Where the film becomes great is the appearance of the pop up book. It is creepy as hell and sent shivers down my spine with it's intricate knowledge of the woman and her child's fears. The Babadook itself is kept to the shadows for a lot of the time, when it is revealed it is all puppetry which just looks uber disturbing. The horror here is of  a children's story book come to life. Repetition of actions such as the constant knocking on doors, and the fact that the Babadook gets more powerful the more you deny it exists all point to the origins in make believe. What I found interesting in the direction of The Babadook is that it constantly follows Amelia, regardless of what is happening it is her story, it feels real fresh, even when she is behaving extremely weirdly and may be possessed the camera is still always centered on her. Davis is very well cast and is so easily able to portray herself as both a doting mother and as someone in the grip of true madness, the way she flips between the two states is wonderful. The use of jump cuts and time speeding up do the best portrayal of insomnia I have seen, there is some really excellent editing going on here.

There are not actually many jump scares to find here which I really appreciated, instead there is a creeping terror, with events slowly ramping up to a large degree. The glimpses of Mister Babadook are sparse but always effective, usually the camera lingers on it for a split second leaving your imagination to fill in the blanks. The sense of unreality works so well in the films favour such as one of the most bizarre scenes. Unable to sleep at night Amelia watches TV, channel after channel has fearful images using clips from really old films, it piles on the disturbing and finally ends with her finding herself looking out the window of a house in the background of a news report, a maniacal smile on her doppelgangers lips; gave me goosebumps!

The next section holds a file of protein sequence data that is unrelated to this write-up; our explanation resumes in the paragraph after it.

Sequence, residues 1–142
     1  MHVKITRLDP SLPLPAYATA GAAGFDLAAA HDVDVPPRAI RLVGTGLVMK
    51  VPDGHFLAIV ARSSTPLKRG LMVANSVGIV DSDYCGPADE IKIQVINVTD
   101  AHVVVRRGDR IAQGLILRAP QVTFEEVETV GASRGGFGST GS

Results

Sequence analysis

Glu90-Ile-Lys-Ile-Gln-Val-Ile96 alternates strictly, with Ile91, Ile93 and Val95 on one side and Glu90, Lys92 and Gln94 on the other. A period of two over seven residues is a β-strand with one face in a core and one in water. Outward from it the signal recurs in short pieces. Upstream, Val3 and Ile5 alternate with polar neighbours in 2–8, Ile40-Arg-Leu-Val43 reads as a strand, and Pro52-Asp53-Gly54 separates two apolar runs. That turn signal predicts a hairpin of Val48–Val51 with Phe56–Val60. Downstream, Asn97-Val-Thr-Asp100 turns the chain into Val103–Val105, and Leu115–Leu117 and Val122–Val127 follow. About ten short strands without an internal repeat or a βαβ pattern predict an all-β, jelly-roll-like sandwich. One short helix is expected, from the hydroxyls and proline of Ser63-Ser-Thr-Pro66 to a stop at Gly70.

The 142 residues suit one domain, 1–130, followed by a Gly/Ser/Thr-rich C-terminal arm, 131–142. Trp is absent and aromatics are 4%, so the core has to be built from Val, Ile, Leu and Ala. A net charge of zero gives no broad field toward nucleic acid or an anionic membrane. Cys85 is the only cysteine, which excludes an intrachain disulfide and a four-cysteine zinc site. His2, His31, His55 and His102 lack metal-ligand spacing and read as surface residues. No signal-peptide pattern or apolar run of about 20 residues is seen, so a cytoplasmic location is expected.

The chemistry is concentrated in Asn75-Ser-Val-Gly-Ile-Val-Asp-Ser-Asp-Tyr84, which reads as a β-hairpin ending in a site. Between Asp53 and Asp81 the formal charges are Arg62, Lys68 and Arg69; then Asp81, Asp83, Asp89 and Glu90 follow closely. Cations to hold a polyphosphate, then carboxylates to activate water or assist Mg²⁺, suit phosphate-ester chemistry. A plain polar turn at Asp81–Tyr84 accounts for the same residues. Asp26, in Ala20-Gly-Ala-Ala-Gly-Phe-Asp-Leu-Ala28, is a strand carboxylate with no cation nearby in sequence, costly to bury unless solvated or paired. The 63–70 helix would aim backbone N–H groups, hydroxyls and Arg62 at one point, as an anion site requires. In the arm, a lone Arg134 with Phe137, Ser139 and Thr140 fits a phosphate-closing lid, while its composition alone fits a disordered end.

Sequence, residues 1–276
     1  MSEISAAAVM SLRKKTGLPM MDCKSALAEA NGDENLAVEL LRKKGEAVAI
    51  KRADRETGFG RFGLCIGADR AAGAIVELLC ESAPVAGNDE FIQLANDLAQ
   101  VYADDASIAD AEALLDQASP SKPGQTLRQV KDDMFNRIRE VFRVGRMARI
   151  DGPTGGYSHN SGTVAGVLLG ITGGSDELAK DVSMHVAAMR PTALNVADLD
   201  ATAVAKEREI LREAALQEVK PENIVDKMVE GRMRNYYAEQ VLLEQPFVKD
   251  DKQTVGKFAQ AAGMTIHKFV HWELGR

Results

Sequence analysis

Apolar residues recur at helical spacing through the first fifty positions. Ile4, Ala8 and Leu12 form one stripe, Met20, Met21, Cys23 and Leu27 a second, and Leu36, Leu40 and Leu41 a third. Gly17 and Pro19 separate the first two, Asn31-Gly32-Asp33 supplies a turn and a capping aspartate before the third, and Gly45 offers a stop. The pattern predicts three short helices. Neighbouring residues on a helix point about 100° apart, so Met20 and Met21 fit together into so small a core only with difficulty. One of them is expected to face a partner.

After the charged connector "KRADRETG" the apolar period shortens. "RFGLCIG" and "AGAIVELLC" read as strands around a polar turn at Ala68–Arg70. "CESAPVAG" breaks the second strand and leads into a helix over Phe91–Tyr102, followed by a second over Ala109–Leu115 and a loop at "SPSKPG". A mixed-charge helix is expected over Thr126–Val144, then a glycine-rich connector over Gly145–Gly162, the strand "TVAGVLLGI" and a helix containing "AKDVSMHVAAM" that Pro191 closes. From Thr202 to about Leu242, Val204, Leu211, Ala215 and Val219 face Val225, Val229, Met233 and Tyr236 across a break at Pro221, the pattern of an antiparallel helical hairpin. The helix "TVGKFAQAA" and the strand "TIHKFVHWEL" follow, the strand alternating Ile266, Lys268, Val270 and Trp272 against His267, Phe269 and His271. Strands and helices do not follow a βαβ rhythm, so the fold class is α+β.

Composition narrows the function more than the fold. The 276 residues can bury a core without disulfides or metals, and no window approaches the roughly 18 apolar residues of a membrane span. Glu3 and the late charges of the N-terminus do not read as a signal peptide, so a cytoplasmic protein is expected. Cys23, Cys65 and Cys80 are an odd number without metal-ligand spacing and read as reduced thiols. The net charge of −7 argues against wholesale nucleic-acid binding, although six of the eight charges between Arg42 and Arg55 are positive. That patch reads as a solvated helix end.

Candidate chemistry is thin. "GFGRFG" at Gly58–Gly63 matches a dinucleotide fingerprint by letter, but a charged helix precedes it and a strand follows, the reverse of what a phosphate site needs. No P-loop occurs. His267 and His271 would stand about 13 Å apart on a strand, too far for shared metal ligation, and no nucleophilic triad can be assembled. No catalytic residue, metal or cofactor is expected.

Unfortunately the low budget of The Babadook can be seen at times. It is a really shame that the big finale features some very generic roaring noises which I have heard in countless other films and programs before. They should have made some effort to give their wonderful monster some unique sounds rather than public domain ones. Also the film just does not seem to know how to end. All I can think of is that the makers could not decide how to finish the film and so just piled every idea they had on, one after the other. There are around six or seven false endings towards the end and at least one or two of them would have made for an amazing finish (one even took it's inspiration from The Evil Dead). Instead when it finally does finish it is on such a lame note that it couldn't help but remove some of the atmosphere that had been built up during the rest of the running time, especially when the film devolves into a Home Alone parody for a bit towards the end. When your laughing at a film but not laughing with it then something has gone wrong,

The Babadook is a really scary film that is let down by some poor script and not knowing when to end. It stands out enough to be worth a watch for its bizarre main antagonist and I love the fact that it leaves it up to the viewer to come up for an explanation of what has occurred.